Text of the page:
Girl on the verge

Michelle Wie talks about golf, her favorite music and much more.

Originally Published: June 19, 2004
By Susan K. Reed | Golf for Women Magazine

In May, at the final round of the LPGA's Michelob Ultra Open at Kingsmill Resort & Spa in Williamsburg, Va., Michelle Wie stepped to the tee on the 458-yard, par-5 15th hole. The teenager effortlessly crushed her drive 270 yards; then, with 185 yards to the green, she pulled out a 5-iron (yes, a 5-iron!) for her second shot. The ball landed three feet from the hole. Wie tapped in for an eagle.

It is a performance like this that makes spectators' jaws drop, newspaper columnists rhapsodize and potential sponsors drool. (A Nike executive has been observing Wie at tournaments this year.) It's also performances like this that earned her a remarkable exemption into July's U.S. Women's Open from the USGA. Add a bubbly personality and willowy physique, and Wie could one day be the most exciting player in the game. Like another phenom named Tiger, she executes feats on the golf course that are preternatural. In the past year alone, she has already won the Women's Amateur Public Links Championship (as the youngest player ever to win an adult USGA event), nearly made the cut in a PGA Tour event (the Sony Open) and finished fourth in the LPGA's first major. USA Today columnist Christine Brennan recently described Wie as "the Next Great Thing in sports. This is a young lady who has her act together the way most 30-year-olds don't," says Brennan. "If you were at the drawing board, conjuring the perfect girl for this sport at this time, you would draw Michelle Wie and her parents."

What's it like to be a golfing Mozart? On the course, Wie is composing symphonies. But inside this teen beats the heart of a fierce competitor. "I like to be the first to do anything," she says. "I like to be the best."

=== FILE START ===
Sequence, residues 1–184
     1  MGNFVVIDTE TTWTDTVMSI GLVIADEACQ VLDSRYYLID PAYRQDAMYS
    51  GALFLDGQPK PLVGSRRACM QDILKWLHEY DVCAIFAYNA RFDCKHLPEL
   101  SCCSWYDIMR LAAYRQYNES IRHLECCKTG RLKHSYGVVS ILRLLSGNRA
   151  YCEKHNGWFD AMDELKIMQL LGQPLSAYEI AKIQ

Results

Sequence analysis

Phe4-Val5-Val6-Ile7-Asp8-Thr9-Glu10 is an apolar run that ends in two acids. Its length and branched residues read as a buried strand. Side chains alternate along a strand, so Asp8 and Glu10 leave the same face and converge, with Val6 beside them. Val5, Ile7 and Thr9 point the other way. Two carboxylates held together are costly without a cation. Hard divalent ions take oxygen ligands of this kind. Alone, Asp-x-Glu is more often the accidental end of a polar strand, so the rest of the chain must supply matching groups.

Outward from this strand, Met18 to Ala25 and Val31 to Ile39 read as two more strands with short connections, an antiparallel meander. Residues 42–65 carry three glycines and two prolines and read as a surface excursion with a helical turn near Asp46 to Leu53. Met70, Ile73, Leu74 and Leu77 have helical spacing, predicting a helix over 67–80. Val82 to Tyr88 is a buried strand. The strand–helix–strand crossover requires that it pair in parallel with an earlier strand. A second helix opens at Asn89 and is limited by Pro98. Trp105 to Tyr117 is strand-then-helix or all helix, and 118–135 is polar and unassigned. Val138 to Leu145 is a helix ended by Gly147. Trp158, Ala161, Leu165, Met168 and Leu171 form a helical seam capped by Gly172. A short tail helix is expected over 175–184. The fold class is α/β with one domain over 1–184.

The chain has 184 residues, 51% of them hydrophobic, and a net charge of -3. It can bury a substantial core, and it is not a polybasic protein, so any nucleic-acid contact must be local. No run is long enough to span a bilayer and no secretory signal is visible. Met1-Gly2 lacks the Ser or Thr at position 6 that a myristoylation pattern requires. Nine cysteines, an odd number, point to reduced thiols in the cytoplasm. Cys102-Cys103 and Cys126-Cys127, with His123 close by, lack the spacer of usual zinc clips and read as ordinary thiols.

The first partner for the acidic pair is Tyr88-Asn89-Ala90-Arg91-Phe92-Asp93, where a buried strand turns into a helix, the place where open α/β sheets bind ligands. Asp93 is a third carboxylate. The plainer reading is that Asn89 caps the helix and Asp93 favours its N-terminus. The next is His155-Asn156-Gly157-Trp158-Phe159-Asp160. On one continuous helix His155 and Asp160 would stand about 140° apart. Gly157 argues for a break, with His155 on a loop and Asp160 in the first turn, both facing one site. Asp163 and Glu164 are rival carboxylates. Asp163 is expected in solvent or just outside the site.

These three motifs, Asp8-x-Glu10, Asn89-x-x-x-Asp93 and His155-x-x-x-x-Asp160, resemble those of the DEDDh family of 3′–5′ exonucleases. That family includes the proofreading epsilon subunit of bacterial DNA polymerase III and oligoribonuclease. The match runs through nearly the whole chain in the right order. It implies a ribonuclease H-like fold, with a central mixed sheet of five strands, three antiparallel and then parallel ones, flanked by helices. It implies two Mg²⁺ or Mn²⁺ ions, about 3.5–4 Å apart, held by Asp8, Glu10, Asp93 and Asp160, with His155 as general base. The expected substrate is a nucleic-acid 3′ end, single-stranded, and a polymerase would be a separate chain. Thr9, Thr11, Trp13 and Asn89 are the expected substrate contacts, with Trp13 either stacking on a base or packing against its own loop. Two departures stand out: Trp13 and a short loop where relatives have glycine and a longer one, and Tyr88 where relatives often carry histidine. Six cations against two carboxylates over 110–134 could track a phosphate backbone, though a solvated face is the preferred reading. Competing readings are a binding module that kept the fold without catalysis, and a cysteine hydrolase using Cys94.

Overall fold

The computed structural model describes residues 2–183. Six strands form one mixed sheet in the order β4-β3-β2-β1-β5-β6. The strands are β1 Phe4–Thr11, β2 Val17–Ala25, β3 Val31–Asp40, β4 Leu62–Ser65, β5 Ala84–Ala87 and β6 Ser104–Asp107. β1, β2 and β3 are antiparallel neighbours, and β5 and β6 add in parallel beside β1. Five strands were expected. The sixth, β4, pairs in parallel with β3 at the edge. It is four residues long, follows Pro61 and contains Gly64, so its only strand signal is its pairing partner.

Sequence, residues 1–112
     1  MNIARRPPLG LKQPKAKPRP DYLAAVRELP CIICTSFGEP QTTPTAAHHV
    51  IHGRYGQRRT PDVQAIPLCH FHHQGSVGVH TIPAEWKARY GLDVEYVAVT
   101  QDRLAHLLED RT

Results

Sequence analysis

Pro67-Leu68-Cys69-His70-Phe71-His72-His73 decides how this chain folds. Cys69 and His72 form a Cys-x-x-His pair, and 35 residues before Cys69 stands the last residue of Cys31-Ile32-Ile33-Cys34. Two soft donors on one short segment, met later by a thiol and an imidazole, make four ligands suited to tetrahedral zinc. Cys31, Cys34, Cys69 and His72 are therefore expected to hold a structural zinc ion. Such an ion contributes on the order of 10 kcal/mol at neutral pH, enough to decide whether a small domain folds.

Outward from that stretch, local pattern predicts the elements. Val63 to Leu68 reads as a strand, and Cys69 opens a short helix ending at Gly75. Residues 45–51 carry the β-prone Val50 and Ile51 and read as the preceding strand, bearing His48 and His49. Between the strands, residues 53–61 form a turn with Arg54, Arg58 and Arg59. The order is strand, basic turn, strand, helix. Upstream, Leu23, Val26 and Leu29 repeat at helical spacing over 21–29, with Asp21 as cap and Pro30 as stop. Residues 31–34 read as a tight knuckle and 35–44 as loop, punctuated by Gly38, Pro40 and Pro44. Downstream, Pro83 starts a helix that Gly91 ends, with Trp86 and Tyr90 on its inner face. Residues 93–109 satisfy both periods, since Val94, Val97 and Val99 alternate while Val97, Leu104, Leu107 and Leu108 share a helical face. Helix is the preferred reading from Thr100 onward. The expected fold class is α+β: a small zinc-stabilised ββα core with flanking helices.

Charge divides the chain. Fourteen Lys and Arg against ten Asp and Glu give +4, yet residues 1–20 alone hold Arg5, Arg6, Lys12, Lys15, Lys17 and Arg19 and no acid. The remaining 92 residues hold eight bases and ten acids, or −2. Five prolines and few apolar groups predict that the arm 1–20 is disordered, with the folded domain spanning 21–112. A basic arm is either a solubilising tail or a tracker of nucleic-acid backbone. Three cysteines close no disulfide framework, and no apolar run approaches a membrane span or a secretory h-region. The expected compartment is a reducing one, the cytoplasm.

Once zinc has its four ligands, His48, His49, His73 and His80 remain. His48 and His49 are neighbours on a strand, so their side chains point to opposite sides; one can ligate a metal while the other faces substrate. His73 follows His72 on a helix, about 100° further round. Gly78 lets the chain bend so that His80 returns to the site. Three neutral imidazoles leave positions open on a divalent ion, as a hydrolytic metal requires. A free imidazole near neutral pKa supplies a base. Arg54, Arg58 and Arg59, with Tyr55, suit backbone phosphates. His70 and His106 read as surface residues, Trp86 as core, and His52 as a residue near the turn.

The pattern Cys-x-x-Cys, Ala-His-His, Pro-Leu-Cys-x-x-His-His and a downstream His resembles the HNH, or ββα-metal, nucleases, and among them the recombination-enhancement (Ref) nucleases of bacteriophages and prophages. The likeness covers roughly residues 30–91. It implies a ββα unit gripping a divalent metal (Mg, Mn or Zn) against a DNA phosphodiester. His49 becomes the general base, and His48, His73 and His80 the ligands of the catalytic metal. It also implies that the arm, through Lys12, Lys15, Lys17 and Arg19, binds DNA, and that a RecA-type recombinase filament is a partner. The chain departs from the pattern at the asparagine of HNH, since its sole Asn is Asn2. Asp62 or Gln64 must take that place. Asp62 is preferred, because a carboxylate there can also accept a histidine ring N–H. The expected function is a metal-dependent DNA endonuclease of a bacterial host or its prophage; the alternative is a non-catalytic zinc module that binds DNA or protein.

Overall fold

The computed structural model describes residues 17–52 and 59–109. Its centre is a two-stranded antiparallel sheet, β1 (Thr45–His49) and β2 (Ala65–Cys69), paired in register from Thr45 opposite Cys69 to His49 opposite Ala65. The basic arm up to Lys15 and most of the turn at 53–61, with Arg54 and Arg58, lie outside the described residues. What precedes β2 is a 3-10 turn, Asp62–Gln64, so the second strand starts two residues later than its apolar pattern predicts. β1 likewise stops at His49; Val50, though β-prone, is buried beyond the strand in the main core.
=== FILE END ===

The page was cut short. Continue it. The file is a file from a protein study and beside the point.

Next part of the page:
You're only 14, and you finished fourth at a major, the Kraft Nabisco Championship, this year. What was that experience like? On the plane going back to Hawaii after the tournament, I told my dad, "I can't wait to play again!" I just had this feeling of adrenaline, of knowing the importance of making a putt. I wasn't really playing that well; but beginning at the 11th hole in the final round, I made several putts of five to seven feet to save par. I was grinding. So I was really proud of myself.

What do you want to accomplish this year? My goal is to win one LPGA tournament and to finish in the top five in the tournaments I play.

Your long-term goal is to play in the Masters. How? As long as I stay an amateur, I can qualify by winning the men's U.S. Amateur or the men's U.S. Public Links.

Why do you want to play on the PGA Tour? Isn't the LPGA Tour good enough? I get bored easily. I like challenges. I've played against men my whole life. I want to play against the best players in the world, men and women.

You were beating your parents, who were practically scratch golfers, when you were 8. Do you feel like you're part of some bigger plan? Yeah, I think God destined that I play. I think it's all in the books already.

You've begun working with the famous coach David Leadbetter. What's he teaching you? He made my swing shorter. And he's teaching me new shots, like a fade and how to pitch from the long rough. He doesn't talk a lot, but I understand exactly what he's saying. The day before the Nabisco, I called him and asked him what to do because my tee shots were hooking on the par 3s. He explained it to me on the phone. He told me I was teeing the ball up too high, that I should tee it lower and put it back more in my stance and hit it 70 or 80 percent. I understand him completely.

You're playing a new driver this year. Why? Last year, I was playing with a TaylorMade driver with 7.5 degrees of loft. I got a lot of roll with it, but I wasn't hitting it straight enough or getting enough lift. David thought I needed a higher launch angle. I went to Callaway on February 20 and I got a 9.5-degree Great Big Bertha II 415. My drives are going straighter now.